Zanna's Reviews > Lose Your Mother: A Journey Along the Atlantic Slave Route

Lose Your Mother by Saidiya Hartman
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it was amazing

I think it would be correct to say that Saidiya Hartman is an academic and went to Ghana to do academic research. That she decided to communicate that research as this highly accessible and moving personal story, I am deeply grateful for. But the quality of insight in this book (and perhaps the integrity as well, the commitment to refuse easy answers and excuses, to seek the true truth without sparing oneself in any way, is not only a personal quality of the author but something of the spirit of the field) to me seems pretty strongly validating to the whole institution of academia and studying stuff deeply. Hartman presents her findings and realisations with humility, making them seem obvious, but they were hard won for important reasons, and the stories of the journeys to them are what convey them so clearly.

I have felt lacunae in various awesome museum and gallery events relating to Black and West African histories and cultures. Much of this book concerns absence and emptiness. In Ghana, the people bought as slaves by Europeans and shipped elsewhere are, of course, not to be found. Their traces are faint. The local attitudes to their fate are at odds with the emotions of the African American tourists who come seeking consolation or connection or whatever else might be found... Hartman speaks of her struggles to articulate the purpose of her visit, to herself and to others. This is only one of so many struggles with the legacy of the slave trade. Investigating and writing about such matters should not have the intention of settling them or making them comfortable, but of course Hartman seeks solace, seeks a future for Black Americans in which this past has ended. She calls out the way Ghana transforms its traces of the slave trade into a lucrative tourist industry without owning responsibility for the powerful kingdoms and raiders who traded slaves. In The Continent of Black Consciousness: On the History of the African Diaspora from Slavery to the Present Day, Erna Brodber explains how the African people traded out of the country by Europeans suffered by far the worst form of slavery ever perpetrated, but Hartman writes with full compassion and outrage for all enslaved people.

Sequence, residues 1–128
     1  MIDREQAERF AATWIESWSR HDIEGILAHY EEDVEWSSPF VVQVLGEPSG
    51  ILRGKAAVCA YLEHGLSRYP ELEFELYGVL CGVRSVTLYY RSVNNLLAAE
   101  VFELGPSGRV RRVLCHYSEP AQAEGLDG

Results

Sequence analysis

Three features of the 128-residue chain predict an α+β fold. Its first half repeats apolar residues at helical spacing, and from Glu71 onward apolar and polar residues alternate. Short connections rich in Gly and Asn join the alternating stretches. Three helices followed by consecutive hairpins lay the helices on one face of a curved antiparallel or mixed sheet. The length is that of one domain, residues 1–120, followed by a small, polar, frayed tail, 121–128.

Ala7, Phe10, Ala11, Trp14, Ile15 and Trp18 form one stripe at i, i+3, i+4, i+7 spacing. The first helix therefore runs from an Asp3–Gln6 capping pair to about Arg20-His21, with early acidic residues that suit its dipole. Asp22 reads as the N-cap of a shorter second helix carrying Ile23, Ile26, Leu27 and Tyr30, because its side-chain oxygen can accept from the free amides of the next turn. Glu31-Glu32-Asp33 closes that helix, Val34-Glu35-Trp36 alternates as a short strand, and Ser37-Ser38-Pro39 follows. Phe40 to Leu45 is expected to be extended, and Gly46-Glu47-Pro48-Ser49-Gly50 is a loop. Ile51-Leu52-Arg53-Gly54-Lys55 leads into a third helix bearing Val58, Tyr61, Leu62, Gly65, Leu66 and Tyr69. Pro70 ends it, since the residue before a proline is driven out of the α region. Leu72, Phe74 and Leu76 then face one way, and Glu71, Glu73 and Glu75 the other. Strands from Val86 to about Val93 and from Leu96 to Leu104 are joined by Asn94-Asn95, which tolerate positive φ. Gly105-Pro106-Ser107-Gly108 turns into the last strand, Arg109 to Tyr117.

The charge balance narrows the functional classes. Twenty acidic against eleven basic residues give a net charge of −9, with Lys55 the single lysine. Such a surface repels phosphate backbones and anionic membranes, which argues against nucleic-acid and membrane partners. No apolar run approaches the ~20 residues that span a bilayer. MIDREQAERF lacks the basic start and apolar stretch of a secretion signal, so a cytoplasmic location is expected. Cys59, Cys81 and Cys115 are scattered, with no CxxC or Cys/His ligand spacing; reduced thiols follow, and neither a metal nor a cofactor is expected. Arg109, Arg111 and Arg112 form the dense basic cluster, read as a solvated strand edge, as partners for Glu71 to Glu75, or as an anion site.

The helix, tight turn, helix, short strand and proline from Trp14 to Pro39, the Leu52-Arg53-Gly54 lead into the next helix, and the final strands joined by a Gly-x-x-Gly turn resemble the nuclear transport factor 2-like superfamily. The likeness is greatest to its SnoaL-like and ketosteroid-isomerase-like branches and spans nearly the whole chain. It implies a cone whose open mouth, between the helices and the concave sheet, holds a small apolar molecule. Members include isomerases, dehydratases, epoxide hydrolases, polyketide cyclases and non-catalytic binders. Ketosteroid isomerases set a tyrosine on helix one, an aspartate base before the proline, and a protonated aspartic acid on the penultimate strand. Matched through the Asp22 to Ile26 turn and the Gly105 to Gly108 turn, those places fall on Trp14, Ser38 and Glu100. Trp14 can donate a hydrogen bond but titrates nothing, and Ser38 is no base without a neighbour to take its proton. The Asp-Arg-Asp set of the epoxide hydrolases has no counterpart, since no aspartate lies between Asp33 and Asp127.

If the story has a trajectory, for the most part it's going deeper, descending. At each layer I wonder, how will we get out of this? Maybe that's the right question.
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Reading Progress

April 19, 2019 – Shelved
April 19, 2019 – Shelved as: to-read
December 21, 2019 – Started Reading
February 23, 2020 – Finished Reading

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